**In a nutshell:** Researchers at China's Tsinghua University believe they have discovered a quantum-based algorithm capable of breaking today's most complex encryption standards. The team claims that the algorithm can be run using currently available quantum technologies, too. If true, the lifespan of today's encryption could be drastically reduced to nothing in a handful of years.

Tsinghua University professor Long Guili and his team claim to have developed a new, qubit-saving factorization algorithm that could spell trouble for cryptographic security standards in the not-so-distant future. The algorithm, called sublinear-resource quantum integer factorization (SQIF), claims to optimize the quantum calculation process by reducing the number of qubits required to conduct the code-breaking calculations. The work is based on an algorithm developed in 2013 by German researcher Claus Schnorr.

What does that mean to someone who isn't overly familiar with quantum computing? If successful, the algorithm would increase the chances of breaking today's strongest encryption using currently available quantum technologies, and sooner than originally expected.

Must read: We Cannot Live Without Cryptography!

Created by the National Security Agency (NSA) in 2001, SHA-256 is a cryptographic hashing function that transforms data into an encrypted string of 256 characters. The encrypted output is unreadable unless a recipient has the proper key to decrypt the message.

These decryption keys are also comprised of complex mathematical strings related to the SHA-256 hash, making an encrypted message extremely difficult to decrypt without the proper keys. For example, the time to crack an RSA-2048 bit encryption key using today's most powerful traditional computing resources is estimated around the 300-trillion-year mark.

300 trillion sounds like a nice, safe number that no one should have to worry about. That is, at least until quantum computers are brought into the equation. According to cryptography and quantum experts, a properly sized quantum computer could complete the same algorithm-breaking operation in just under eight hours. This is where Guili's equation raises the alarm bells.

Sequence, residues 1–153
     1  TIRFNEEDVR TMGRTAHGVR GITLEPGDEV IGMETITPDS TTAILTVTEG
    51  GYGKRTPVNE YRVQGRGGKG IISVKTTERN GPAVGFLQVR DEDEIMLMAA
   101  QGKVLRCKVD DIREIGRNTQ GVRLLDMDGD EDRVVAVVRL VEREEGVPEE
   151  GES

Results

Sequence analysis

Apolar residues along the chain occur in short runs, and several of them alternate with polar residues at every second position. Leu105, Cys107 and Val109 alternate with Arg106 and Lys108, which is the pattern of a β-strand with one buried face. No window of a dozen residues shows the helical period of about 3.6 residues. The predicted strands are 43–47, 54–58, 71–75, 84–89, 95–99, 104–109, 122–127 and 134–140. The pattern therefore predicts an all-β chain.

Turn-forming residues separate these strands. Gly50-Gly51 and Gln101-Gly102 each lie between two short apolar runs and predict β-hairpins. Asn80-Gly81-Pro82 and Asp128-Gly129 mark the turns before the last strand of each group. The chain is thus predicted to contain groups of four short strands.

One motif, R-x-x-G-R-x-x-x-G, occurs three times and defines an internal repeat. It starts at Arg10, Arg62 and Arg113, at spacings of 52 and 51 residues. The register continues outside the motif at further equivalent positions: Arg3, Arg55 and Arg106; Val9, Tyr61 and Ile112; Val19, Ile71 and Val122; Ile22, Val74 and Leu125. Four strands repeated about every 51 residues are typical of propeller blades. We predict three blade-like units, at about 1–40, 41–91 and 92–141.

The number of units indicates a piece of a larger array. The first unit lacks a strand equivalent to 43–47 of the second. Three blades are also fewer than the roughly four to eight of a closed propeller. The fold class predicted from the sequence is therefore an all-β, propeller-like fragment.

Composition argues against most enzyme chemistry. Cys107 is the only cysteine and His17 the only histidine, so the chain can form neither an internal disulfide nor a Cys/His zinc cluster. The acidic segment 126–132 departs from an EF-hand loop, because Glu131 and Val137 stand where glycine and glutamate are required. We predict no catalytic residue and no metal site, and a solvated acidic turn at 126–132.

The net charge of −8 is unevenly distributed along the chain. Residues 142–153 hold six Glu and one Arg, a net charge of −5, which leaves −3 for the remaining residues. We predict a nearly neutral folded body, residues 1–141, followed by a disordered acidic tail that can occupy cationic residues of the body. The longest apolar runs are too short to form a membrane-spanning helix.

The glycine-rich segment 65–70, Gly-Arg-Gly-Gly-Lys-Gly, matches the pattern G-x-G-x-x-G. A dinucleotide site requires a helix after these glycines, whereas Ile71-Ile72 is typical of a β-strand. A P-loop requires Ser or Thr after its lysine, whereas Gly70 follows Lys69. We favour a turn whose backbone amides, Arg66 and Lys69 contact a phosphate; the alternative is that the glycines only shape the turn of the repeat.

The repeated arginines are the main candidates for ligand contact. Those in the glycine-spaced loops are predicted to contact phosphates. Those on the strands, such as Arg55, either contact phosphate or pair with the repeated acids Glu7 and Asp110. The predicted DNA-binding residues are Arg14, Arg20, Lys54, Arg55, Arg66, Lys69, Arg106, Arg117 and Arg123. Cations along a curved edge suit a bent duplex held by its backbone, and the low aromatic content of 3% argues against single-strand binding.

If the SQIF algorithm scales and effectively reduces the quantum computing resources required to run the calculations, then the wait for quantum technology to mature enough to run the calculations could be reduced from a few decades to just a few years.

IBM's Osprey is currently the largest quantum processor in the world, weighing in at 433 qubits. The company's quantum roadmap depicts plans to pursue larger processors ranging from 1,100 qubits in 2023 to more than 4,100 qubits in 2025. By comparison, the SQIF algorithm claims to bring the practical required scale of a quantum computer down to 372 qubits.

Currently the Tsinghua team has not yet proven the ability to break the 2048-bit encryption barrier. They have, however, successfully demonstrated SQIF's feasibility by breaking a 48-bit-length encryption key with a tiny 10-qubit superconductive quantum computer. Though the breakthrough may be nothing to worry about yet, it's definitely a development that security and cryptography experts will continue to monitor.